Year built: by 1854
By 1854, early settler Colonel Milote Baker built a small hotel and store near Baker Bridge (at what would later be 8 Pine Street and the site of the present Triangle Park, respectively). Visitors included New York Governor Horatio Seymour, United States Treasurer Francis E. Spinner and "many other men of public and professional eminence." Lady Amelia Matilda Murray, lady in waiting to Queen Victoria, who traveled through the Adirondacks in 1856, referred to it as the "last house of reception on the Saranac River".
Frederick J. Seaver, Historical Sketches of Franklin County, Albany, NY: J. B. Lyon Co., 1918 (full text)
Milote Baker opened a boarding house or hotel and store in 1851 about a mile below the village, but in Essex county. He was a natural host, and his place had a wide reputation and great popularity, though of course in a small way as compared with later enterprises of a similar sort. The sportsmen who stopped with him sought their fishing and hunting for the most part at the lake, and as indicative of the former abundance of game it is told that Mr. Baker employed thirty men as hunters in 1868, kept two teams constantly on the road in autumn and early winter, hauling venison to market, and shipped five hundred deer. His store burned in 1869, but was rebuilt.
Unidentified newspaper clipping, January 29, 1923
FIRE DESTROYS OLD BAKER HOTEL, FIRST ESTABLISHMENT OF KIND IN ADIRONDACKS; WAS FIRST POST OFFICE AND FREE LIBRARY
Fire, which had gained such a start that despite the efforts of the Fire department it destroyed the entire inside of the building, routed the tenants early yesterday morning and left standing only the frame of the old Baker hotel in Stevenson Lane, which was once the only hotel in this section.
When the fire fighters arrived on the scene, after an alarm had been sounded by Louis Hesse, one of the tenants, they found it impossible to enter the burning building. Over two hours the flames were fought, but when the fire was under control only the frame of the building remained.
The hotel was built by Colonel Milote Baker, who came here from Keeseville in 1852. It was then located on the East side of what is now known as the Baker bridge. The building was used as the first post-office of the village and also the first public library.
Orlando Blood became the owner of the property on the death of Colonel Baker. During his ownership the house was no longer used as a hotel, but was changed into an apartment house.
Wallace Murray, the present owner, moved the building to Stevenson Lane and it was remodeled into a more up to date apartment house. Mr. Murray's residence, a large stone structure, now occupies the original site of the old hotel.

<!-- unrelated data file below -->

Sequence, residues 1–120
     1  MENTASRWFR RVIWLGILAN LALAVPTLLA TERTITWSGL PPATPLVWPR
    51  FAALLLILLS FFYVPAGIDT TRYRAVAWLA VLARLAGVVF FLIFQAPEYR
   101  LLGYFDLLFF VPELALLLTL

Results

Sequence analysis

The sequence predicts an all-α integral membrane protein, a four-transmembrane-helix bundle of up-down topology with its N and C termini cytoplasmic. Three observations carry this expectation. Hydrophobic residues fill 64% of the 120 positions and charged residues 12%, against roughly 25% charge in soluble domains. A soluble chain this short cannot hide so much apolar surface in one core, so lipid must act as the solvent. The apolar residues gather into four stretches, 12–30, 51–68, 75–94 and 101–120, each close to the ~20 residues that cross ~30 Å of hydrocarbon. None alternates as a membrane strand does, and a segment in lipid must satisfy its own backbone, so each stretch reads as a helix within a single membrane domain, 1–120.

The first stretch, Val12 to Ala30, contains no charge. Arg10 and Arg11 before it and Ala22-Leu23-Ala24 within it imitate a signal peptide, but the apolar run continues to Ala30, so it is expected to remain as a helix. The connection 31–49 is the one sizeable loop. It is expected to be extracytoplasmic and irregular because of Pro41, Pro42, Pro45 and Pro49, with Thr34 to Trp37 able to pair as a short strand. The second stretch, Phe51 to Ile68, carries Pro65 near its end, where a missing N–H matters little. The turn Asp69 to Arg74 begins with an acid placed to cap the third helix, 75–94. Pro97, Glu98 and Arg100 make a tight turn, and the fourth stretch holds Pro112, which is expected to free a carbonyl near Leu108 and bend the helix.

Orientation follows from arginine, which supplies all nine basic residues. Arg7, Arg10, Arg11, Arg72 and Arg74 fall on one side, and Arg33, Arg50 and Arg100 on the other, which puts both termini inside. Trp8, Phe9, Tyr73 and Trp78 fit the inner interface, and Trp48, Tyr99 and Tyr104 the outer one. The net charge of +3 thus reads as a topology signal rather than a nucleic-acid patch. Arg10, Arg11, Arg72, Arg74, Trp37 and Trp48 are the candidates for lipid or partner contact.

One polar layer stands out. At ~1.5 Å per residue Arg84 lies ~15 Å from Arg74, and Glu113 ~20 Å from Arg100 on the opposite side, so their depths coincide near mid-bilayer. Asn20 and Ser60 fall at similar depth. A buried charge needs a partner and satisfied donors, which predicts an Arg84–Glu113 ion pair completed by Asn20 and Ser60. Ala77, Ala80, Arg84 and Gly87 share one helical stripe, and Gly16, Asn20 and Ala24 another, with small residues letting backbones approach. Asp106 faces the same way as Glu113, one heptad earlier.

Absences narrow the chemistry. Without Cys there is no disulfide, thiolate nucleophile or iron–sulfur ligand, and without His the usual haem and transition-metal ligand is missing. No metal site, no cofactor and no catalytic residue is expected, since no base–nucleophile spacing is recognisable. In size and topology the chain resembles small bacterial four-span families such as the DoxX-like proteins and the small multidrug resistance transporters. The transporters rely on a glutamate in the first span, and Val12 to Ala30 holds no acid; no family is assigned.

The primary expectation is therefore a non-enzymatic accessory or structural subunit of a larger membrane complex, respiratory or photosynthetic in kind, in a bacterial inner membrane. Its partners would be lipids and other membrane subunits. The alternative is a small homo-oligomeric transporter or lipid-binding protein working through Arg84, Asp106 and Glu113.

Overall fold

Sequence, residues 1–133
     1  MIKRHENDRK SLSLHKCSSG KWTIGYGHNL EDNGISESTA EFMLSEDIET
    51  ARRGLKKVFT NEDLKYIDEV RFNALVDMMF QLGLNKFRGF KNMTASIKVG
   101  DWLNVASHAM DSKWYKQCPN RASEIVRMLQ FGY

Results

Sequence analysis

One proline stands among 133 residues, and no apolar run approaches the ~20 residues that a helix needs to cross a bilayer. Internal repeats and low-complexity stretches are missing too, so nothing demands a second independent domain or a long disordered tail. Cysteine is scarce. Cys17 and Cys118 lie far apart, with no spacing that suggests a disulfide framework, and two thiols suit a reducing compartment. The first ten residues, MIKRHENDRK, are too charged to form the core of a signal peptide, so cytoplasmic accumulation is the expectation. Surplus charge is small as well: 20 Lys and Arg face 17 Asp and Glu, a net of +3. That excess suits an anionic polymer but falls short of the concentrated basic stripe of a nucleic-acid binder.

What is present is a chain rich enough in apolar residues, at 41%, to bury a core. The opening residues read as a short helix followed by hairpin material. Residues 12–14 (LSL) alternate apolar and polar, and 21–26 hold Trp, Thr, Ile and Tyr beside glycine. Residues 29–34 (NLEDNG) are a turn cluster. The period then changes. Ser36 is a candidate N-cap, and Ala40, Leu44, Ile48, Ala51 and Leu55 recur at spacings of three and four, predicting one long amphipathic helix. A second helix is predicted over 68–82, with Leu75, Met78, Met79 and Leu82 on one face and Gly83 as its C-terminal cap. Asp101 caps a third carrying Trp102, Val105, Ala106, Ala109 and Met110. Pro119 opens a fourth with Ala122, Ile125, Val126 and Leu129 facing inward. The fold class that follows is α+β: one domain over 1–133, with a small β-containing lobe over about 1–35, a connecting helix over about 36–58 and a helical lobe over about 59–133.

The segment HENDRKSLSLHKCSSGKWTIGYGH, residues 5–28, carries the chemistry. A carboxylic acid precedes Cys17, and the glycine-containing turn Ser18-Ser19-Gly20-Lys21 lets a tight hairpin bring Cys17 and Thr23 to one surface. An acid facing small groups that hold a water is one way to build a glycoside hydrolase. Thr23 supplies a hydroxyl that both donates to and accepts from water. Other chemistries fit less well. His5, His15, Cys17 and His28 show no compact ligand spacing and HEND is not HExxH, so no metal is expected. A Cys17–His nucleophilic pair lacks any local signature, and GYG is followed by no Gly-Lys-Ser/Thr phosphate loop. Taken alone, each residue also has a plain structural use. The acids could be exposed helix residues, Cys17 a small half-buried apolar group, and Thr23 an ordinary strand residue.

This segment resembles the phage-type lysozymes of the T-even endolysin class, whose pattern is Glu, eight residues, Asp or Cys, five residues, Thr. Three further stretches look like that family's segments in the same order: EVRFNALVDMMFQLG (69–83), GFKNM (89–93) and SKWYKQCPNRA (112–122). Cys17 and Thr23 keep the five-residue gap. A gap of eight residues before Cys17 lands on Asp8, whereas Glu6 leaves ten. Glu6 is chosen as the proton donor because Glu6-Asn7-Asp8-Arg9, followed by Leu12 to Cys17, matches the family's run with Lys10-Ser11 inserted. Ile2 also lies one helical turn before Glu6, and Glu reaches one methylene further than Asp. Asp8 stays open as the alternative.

While the old building was run as a hotel, it was the stopping place of many of the notables who visited the Adirondacks at the time. C. G. Gunther, mayor of New York, was one of the celebrities it sheltered. Alfred B. Smith, state librarian, was another. Governor Seymour and his party were other visitors. Charles A. Dana, of the New York Sun, whose brother's widow married Colonel Baker, was a frequent visitor.
A short distance away from the burned building is the Memorial cottage of Robert Louis Stevenson, which houses priceless Stevenson souvenirs and is visited yearly by hundreds of visitors. Fortunately, it was not threatened by the flames. It is occupied by Andrew J. Baker, a son of Colonel Baker, who was a close friend of Stevenson during his stay in Saranac Lake.
It was impossible to obtain any estimate of the damage done by the fire. There was, it is reported, no insurance on the building. In addition to the money loss the village has lost one of its oldest and most interesting landmarks.
Malone Farmer, January 31, 1923
OLD LANDMARK BURNS
One of First Hotels Erected in the Adirondacks Destroyed Sunday Morning.
The building known as the old Baker hotel in Saranac Lake, originally erected many years ago beside the river on the east side of Baker bridge where Wallace Murray's residence now stands, but moved a few years ago to Stevenson Lane and converted into an apartment house, was practically destroyed by fire Sunday morning. Only the shell remains.